The 19th Amendment to the U.S. Constitution demonstrates how our democratic system eventually overcame the unenlightened mindset of those who created it.
The amendment ensures the right to vote regardless of a person’s gender. Women had been working to obtain the franchise for many years, and much of this effort took place here in New York.
“The fight for women’s rights began in New York State. In Waterloo, on July 13, 1848, a tea party at the home of activist Jane Hunt became the catalyst for the women’s rights movement,” according to information on the state Assembly website. “Jane Hunt’s guests were Lucretia Mott, Martha Wright, Mary Ann McClintock and Elizabeth Cady Stanton. As the women drank their tea, they discussed the misfortunes imposed upon females – not having voting rights, not being able to own property, few social and intellectual outlets – and decided that they wanted change. By the end of the gathering, the five women organized the first women’s rights convention set for Seneca Falls, NY, and wrote a notice for the Seneca County Courier that invited all women to attend the influential event.
“Six days later, on July 19, 1848, people crowded into the Wesleyan Chapel in Seneca Falls, NY. These participants partook in the two-day historic event that catapulted the women’s rights movement into a national battle for equality. Although the convention was supposed to only have women, men were not turned away. As a result, 42 men were part of the 300-member assembly. James Mott, an advocate for women’s rights and the husband of one of the day’s speakers, Lucretia Mott, even chaired the event. On that first day, in addition to Lucretia Mott’s speech, Elizabeth Cady Stanton read her Declaration of Sentiments, symbolically modeled after the Declaration of Independence: ‘We hold these truths to be self-evident: that all men and women are created equal; that they are endowed by their creator with certain inalienable rights’ … On the second day, July 20, abolitionist Frederick Douglass made a powerful speech that unified the two causes of abolishing slavery and women’s rights. It was also the day that the convention voted on the Declaration of Sentiments. After 68 women and 32 men signed the document making it legitimate, the women’s rights movement officially began.”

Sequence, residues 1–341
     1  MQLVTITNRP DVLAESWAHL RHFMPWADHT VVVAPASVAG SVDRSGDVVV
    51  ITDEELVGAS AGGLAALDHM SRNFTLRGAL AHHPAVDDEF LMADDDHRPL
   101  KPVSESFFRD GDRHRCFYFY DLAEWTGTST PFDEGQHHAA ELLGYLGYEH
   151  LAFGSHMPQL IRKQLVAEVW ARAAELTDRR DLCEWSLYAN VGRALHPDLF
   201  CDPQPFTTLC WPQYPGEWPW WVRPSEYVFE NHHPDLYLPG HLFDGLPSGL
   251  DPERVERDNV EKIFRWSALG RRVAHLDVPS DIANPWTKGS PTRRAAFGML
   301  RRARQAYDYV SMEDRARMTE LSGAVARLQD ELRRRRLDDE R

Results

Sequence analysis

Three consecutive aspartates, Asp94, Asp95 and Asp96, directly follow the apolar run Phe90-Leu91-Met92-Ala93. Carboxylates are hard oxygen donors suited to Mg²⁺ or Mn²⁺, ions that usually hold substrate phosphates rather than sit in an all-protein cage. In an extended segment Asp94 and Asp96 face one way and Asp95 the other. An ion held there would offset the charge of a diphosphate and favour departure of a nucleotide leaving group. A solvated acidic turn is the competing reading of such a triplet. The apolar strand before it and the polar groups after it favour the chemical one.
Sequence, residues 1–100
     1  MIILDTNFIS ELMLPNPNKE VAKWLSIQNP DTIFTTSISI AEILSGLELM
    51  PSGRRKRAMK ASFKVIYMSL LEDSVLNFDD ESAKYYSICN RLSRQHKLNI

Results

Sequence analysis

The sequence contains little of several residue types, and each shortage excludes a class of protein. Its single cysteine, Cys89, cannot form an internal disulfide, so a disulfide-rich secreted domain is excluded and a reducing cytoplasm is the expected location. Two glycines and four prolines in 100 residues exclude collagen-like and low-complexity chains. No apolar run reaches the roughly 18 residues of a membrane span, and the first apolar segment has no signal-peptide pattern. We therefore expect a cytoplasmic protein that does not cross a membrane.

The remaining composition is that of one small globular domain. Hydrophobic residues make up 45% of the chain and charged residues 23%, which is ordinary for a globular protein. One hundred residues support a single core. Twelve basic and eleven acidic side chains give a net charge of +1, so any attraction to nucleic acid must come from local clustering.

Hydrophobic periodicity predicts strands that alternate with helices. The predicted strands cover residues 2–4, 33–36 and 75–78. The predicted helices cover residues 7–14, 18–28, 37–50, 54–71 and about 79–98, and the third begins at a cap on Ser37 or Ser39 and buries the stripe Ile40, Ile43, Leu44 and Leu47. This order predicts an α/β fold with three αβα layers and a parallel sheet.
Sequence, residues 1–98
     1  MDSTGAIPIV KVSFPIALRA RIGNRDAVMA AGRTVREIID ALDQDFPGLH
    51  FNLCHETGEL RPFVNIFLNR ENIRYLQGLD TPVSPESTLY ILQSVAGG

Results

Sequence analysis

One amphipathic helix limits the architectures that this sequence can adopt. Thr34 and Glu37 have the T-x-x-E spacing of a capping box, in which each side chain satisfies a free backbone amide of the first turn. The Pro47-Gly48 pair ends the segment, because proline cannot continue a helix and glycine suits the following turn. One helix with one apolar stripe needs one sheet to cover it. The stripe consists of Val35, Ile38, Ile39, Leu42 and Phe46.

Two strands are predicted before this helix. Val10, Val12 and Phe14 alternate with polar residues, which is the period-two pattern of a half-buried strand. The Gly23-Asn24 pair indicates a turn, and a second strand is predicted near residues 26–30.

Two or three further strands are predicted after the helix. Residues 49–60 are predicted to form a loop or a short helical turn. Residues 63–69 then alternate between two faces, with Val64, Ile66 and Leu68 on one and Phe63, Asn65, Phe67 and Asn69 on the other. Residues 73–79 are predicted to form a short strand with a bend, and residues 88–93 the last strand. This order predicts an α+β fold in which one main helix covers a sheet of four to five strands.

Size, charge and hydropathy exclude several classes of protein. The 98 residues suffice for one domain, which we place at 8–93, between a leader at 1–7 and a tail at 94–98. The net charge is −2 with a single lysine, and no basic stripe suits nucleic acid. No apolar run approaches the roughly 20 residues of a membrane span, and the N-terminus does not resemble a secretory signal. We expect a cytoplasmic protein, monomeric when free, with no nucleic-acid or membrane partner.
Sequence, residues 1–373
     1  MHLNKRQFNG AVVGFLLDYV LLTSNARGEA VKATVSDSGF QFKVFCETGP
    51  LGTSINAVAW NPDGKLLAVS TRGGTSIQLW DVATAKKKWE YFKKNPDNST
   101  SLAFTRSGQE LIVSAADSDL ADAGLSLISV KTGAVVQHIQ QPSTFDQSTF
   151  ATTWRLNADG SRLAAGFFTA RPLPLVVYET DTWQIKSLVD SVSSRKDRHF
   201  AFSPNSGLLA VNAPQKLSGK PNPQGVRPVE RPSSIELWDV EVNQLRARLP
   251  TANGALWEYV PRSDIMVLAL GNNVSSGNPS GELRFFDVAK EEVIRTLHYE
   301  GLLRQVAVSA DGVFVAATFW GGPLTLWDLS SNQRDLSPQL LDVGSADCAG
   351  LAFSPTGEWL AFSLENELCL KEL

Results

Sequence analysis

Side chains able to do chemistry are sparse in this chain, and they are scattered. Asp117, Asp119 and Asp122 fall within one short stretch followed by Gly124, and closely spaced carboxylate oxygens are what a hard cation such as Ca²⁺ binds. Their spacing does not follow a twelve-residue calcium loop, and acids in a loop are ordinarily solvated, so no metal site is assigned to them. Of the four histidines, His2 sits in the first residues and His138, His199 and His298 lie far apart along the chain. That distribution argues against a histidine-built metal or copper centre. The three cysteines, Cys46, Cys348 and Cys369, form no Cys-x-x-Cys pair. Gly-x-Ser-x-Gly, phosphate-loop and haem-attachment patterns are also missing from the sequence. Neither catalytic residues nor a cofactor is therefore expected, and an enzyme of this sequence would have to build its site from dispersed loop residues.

It took about 70 years for those participating in the movement to achieve their goal, but their devotion paid off. New York finally allowed women to vote in 1917.
Congress passed the 19th Amendment in 1919. And 100 years ago today, Tennessee became the 36th state to ratify it. U.S. Secretary of State Bainbridge Colby certified this result on Aug. 26, 1920, making the 19th Amendment an official part of the Constitution.
Voting remains critical in guaranteeing rights and opportunities. Women’s suffrage led to the women’s rights movement, which continues to open doors that once had been closed.
Adopting the 19th Amendment became a defining moment for civic involvement. It once again showed that organizing public sentiment in favor of a cause could have positive results.
This inspired other groups to push in securing more rights for themselves. We continue to see this method employed today.
The founding fathers displayed a true genius in how they structured our government. They sadly failed to recognize that every citizen deserved equal protection under the law, as the 14th Amendment would eventually mandate.
Therefore, many people found themselves excluded from the full rights and privileges that their countrymen enjoyed.
However, the founders knew that future generations may acknowledge the rights of marginalized groups and need a mechanism for preserving them. It obviously would have been better had they enshrined these rights themselves.
But they devised the next best option: the ability to change the Constitution over time. People such as Susan B. Anthony used this process to improve conditions for generations of women, both in their lifetime and for years to come.